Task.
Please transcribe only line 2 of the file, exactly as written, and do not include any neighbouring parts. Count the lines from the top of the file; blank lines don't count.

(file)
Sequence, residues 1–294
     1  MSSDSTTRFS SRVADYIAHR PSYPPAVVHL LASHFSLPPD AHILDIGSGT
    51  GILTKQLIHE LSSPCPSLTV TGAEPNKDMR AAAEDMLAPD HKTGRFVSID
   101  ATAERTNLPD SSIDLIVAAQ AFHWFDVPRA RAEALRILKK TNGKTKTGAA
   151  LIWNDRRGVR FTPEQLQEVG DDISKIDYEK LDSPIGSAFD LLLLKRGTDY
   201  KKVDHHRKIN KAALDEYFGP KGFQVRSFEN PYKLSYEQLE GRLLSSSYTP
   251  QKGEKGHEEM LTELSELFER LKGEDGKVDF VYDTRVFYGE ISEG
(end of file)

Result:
     1  MSSDSTTRFS SRVADYIAHR PSYPPAVVHL LASHFSLPPD AHILDIGSGT